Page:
Yes, Virginia, there is a Santa Claus. He's a monster. He's dangerous, conniving and megalomaniacal.

December 20, 1992|By TONY PROSCIO

MIAMI — Miami.--Yo, Virginia. Mind if we go over this one more time?

CIn 1897, you wrote a sweet little letter to the New York Sun trying to get the last word on whether there's a Santa Claus, and they wrote back a treacly sort of answer about poetry, fancy and romance.

L I'm not sure you really got what you were looking for there.

''Not believe in Santa Claus!'' they swooned. ''You might as well not believe in fairies!'' Well, now.

Proving that this is a really heads-up newspaper (and noting that you won't find any copies of the New York Sun around any more, for several excellent reasons), I'd like to give you a straight answer. You want fairies and treacle, you got the wrong paper. You want the straight skinny, look no further.

Yes, Virginia, there is a Santa Claus. He's a monster. He's dangerous, conniving and megalomaniacal.

Think about it for a second. Didn't it ever seem odd to you that the cute little song about him Comin' to Town begins ''You better watch out?''

This guy's out for power. Not just worldly power, but other-worldly. Little by little, in the minds of unsuspecting children he has assumed the role of God.

Think about this. Contented, white-bearded, round sort of guy. Defies gravity. Dwells in inaccessible realms above us (well, to the north of us, anyhow).

Claims immortality and omniscience.

Don't believe me? His propagandists at the New York Sun wrote to you: ''Ah, Virginia, in all this world there is nothing else real and abiding. He lives, and he lives forever. A thousand years from now, Virginia, nay, 10 times 10,000 years from now, he will continue to make glad the heart of childhood.''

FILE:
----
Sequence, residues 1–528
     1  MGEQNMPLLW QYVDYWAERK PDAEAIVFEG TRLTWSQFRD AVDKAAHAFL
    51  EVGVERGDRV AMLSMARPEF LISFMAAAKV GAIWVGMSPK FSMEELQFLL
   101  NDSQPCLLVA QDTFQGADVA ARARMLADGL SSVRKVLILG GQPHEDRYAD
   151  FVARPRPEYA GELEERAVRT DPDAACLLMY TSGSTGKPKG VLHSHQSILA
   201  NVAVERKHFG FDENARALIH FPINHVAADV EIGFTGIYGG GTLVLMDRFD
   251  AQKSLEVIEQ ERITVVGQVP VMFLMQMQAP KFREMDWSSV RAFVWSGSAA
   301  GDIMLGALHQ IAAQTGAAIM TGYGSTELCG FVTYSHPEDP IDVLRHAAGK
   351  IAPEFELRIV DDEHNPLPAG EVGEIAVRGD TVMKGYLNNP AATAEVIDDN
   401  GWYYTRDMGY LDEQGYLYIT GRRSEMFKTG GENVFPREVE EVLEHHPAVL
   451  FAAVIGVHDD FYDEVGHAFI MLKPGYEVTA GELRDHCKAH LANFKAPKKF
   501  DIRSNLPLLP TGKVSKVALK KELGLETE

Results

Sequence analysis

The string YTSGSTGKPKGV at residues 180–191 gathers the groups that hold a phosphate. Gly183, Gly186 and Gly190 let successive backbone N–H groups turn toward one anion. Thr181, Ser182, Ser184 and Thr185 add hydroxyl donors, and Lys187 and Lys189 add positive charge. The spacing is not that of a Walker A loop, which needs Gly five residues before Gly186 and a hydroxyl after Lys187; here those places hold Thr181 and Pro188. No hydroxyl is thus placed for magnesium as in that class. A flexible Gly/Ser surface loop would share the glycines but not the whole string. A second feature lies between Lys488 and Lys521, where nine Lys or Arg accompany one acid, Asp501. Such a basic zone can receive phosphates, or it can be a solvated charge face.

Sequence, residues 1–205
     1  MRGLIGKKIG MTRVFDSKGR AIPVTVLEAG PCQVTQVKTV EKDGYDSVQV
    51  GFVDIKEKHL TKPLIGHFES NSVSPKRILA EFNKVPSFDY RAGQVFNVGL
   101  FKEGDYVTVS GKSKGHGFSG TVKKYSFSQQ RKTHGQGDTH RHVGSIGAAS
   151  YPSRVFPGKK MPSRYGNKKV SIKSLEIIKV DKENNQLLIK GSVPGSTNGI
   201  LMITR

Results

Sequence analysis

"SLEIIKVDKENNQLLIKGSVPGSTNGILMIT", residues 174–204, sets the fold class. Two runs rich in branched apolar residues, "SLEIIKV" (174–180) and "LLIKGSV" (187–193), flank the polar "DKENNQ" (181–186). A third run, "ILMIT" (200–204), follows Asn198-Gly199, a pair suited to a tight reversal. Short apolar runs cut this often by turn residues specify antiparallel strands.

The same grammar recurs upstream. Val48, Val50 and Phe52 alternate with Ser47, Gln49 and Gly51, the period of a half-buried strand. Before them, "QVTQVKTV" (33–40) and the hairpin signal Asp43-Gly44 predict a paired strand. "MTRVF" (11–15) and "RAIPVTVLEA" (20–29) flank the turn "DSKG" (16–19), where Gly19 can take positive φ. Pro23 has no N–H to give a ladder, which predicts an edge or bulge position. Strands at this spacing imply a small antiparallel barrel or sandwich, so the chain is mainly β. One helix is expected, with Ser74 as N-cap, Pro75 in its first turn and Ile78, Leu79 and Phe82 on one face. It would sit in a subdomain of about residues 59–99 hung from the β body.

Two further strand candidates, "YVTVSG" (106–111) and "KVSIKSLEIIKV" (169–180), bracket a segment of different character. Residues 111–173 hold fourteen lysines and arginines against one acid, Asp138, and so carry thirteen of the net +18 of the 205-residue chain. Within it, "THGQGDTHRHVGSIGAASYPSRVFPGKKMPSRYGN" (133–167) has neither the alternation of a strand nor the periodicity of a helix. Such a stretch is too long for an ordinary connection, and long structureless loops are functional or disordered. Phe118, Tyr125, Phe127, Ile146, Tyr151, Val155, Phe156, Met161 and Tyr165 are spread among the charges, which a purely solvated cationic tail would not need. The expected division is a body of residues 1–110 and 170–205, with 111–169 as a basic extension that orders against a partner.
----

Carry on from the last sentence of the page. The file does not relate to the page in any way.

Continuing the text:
Did they say glad? Are you glad about this? If I understand this correctly, he sees you when you're sleeping. He knows when you're awake. Do you find this a little creepy? He knows if you've been bad or good. Have you ever read ''1984?''

He makes a list. Naughty? Check. Nice? Double-check. Then he dispenses material rewards to his supporters -- not inner light, mind you, not grace or wisdom, nothing remotely connected to Christmas or Hanukkah. Tin horns. Dolls. Boats. Things with resale value.

Is it any wonder, Virginia, that more and more, your little friends and their parents and pastors and politicians have ended up confusing Santa Claus and God? Listen to them talk about the Deity and see if I'm wrong:

Someone obsessed with your private moments, in whose sight a person is either bad or good but never both. One ensconced in frosty climes, accepting aid and counsel only from a privileged few. A court without appeal, whose list of the ''naughty'' is vast and terrible, but whose rewards to the ''nice'' tend toward the gilt-edged.

When you think about Santa Claus, Virginia, don't you get a better understanding of Pat Buchanan? Doesn't ''supply-side'' have a more ominous ring? Perhaps you see my point.

It's not too late, Virginia. It's not yet the holiday. You can rescue a splendid season, rededicate its lights, warm its chill, welcome its mystic revelations, hear its angels sing. But first you must banish the bearded incubus.

Go ahead, Virginia. Be naughty. Eat the cookies yourself. Down the milk. Then stoke the fireplace and toast the snooping sleighmeister's intruding backside the minute he breaches the sanctity of your hearth.

Yes, Virginia, there is a Santa Claus. And you must slay him, as surely as the prince must slay the dragon in all those fairy stories that the New York Sun was evidently so fond of. Behind the sledded smugness and false promises, his rooty-toot-toots and ho-ho-hos, the real ''supernal beauty and glory'' that the Sun brayed about is being held hostage.

You can set it free, Virginia. Do it.

Tony Proscio is associate editor of the Miami Herald.

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